Sunday, December 14, 2014


Early 1998

Clair and I shuttled to Herbertville to assess the end of our water partnership.  

“I need to look in his eyes,” said Clair, who could figure out what someone was really thinking through a good eye gaze.

“Ah, it’s the one-two punch,” Herbert greeted the spymaster and me.  “Just the guys I want to see.”

Clair and I exchanged puzzled glances; a whim-whim situation.

Herbert sat us down and explained that he had ventured into a partnership with a Ukrainian and that The New York Times had just exposed the Ukrainian's links to organized crime.  

Herbert wanted to know, just how bad is he?

Clair and I were put on retainer to investigate.

Water was never mentioned once.

“What was he thinking?” I asked Clair over hamburgers at Soup Burg, corner of Madison and 69th, assuming Clair had penetrated his brain.

Clair shook his head and cupped a hand conspiratorially around his mouth.  “It’s very simple,” he whispered.  “Herbert is insane.”
Clair chose the right source to get the goods on the Ukrainian and two weeks later we had such findings in our possession.  

The Ukrainian was worse than anyone could ever have imagined.  Many years earlier, he had sold his soul to the KGB; his finger-pointing had led to the arrest, imprisonment, and execution of others.

We delivered our file to Herbert.  Though mortified, he was at a loss over what to do about it.  They were, after all, already partners.

“President Kuchma personally recommended him,” said Herbert.  “I’m supposed to go to the president and say that guy you recommended is a spy and a crook?  Anyway, he isn’t my partner anymore.”  He pointed at Dick.  “He’s his partner.”

The courtiers of Herbertville tittered.

They had another investigation for us:  a Pole that had opposed a project Herbert wanted to tackle in Poland.  

We dug up dirt.

Next, due diligence on an individual Herbert was considering for a top position.  We gave him a clean bill of health and he got the job.

Next, an investigation of an American businessman in Kiev who had filed a lawsuit in New York against Herbert in which he alleged unfair competition, improper payoffs, and corrupt methods.  Our investigation showed that it was the businessman who had taken illegal cash bribes and then laundered his booty.

So impressed was Herbert by our capability to acquire sensitive information, he had a new investigation in mind when next we met.  Herbert wanted us to dig into the prime minister of a Central European country. 

Truth was, the prime minister had been recruited by the KGB when he was 18 years old while attending university at Rostov-on-Don, and had secretly collaborated with the KGB for fifty years.  He helped the KGB quash a rebellion in his country and the KGB returned the favor by nurturing his political career.  

Herbert was pleasantly amazed by our findings.  “We could bring him down with this,” he grinned.  “How would you do this?” he asked Clair.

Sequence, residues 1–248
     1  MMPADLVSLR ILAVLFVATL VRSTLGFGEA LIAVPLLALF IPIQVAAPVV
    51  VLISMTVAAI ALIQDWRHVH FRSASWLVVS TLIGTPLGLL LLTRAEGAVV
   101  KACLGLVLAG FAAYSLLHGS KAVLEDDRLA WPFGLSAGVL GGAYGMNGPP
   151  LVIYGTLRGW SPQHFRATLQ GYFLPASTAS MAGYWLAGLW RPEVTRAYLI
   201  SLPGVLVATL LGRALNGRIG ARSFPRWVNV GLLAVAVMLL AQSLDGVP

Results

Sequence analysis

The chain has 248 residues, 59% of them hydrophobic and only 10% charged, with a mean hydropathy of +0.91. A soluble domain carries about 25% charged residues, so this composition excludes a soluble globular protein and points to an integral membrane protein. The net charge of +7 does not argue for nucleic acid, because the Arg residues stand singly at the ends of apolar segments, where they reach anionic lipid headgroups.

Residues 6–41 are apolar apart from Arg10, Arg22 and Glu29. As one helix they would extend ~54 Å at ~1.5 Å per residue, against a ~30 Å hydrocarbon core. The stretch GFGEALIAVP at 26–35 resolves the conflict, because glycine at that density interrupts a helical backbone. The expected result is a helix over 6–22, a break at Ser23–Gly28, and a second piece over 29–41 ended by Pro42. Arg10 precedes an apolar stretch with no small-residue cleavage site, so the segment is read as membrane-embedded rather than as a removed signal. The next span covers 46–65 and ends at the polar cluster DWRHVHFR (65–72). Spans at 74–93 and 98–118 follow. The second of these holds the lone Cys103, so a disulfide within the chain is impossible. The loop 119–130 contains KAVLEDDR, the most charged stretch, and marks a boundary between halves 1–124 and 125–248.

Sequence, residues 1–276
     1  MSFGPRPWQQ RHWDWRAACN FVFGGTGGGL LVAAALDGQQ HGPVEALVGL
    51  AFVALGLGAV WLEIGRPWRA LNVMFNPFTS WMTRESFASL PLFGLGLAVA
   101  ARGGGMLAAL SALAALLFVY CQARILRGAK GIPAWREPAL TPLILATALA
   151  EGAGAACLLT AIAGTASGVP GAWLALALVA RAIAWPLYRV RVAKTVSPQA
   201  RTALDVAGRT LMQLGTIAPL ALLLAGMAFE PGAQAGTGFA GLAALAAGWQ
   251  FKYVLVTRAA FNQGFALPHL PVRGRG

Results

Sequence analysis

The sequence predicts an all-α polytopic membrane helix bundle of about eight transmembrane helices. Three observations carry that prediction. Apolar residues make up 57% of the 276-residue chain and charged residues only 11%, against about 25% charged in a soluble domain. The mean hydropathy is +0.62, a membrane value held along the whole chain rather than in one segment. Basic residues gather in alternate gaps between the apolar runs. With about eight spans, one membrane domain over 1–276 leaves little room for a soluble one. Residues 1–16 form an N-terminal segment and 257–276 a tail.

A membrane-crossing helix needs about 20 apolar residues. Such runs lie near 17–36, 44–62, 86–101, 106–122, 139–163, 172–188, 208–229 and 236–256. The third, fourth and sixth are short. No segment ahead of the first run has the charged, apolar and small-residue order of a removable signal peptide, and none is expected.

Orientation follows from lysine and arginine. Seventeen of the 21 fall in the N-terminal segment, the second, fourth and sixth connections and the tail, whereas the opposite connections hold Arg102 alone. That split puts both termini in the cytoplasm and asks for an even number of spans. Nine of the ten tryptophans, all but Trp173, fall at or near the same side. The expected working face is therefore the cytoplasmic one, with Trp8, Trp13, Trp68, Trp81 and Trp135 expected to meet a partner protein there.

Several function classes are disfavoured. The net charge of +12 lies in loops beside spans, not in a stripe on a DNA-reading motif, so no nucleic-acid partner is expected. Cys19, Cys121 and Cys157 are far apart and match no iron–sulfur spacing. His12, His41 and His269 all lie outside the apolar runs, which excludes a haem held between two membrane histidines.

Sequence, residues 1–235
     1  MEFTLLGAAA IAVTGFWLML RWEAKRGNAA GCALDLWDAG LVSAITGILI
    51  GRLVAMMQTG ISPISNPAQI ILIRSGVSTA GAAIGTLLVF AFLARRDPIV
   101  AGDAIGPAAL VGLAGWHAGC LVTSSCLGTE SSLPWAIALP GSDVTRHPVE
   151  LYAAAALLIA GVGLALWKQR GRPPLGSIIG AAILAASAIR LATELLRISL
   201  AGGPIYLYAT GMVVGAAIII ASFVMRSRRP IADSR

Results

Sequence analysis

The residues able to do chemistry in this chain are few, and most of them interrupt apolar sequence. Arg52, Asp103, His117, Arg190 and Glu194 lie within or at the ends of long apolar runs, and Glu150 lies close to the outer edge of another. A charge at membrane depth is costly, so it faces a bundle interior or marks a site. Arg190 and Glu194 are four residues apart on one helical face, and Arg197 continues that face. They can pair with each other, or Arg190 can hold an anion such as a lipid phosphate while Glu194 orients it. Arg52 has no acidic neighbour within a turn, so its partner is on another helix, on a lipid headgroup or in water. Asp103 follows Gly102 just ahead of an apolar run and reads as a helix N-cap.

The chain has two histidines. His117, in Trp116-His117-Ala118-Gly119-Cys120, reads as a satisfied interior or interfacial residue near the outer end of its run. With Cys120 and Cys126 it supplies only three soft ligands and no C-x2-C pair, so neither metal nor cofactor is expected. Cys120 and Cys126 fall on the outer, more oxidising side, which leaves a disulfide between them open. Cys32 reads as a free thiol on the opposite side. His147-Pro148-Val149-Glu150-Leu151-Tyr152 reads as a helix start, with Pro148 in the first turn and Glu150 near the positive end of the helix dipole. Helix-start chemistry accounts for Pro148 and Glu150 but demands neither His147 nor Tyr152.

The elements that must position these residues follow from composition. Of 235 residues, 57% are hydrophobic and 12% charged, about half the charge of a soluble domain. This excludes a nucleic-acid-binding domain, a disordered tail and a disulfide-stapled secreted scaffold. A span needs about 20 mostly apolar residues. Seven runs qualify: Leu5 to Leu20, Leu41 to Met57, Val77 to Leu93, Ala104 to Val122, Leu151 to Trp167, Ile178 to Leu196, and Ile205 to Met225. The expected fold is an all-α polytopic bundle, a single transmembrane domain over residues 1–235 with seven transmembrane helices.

“Well,” said Clair, “it’s one thing obtaining highly sensitive information for ourselves and quite another going public with it.  It will be obvious where the information is coming from and would therefore put our operatives at risk.”

“Okay, okay.”  Herbert paced around the conference table.  “I’m prepared to spend several hundred thousand dollars on an operation that would topple him.  Come back to me with a plan.”

We returned to Herbertville three weeks later:  With the consent of our sources (who would be paid handsomely for their risk), Clair would take the story to a major U.S. newspaper, whose key editors he knew socially and who respected his credibility.  To make it seem like the prime minister was not being personally targeted, Clair would throw in the Ukrainian and the Pole.  If the newspaper ran this story and exposed the prime minister as a long- term Russian agent, it would scuttle his chance for reelection six months down the road.

Herbert loved the plan, and refined it with a twist of his own:  add two additional persons to the mix for further muddying.

Clair’s source came up with two new dossiers.

The first, on Vladimir Zhirinovsky, confirmed that the KGB had recruited this ultra-nationalist politician to create a political party and dilute election voting.

The second was the nephew of Boris Berezovsky, a Russian oligarch.

Herbert was thrilled.  “Can we keep it secret?” he asked.

“As I said to President Reagan,” said Clair, “when he asked if we would be able to keep our arms-for-hostages operation secret:  Of course.”

Clair went to see several senior editors.  He laid it out for them, in general terms, without identifying the prime minister or any of the others.

They apparently salivated.

All we needed was the project fee, which included paying sources for their risk.

Herbert balked, busy with other matters.  

Three months passed.

Come mid-May, the Central European country held its election.  Although the incumbent prime minister was favored to win, he lost, rendering the operation redundant.

Herbert finally got bored with his new toy (the spymaster and me) and turned elsewhere to satisfy his bouts of whimsy.

No comments:

Post a Comment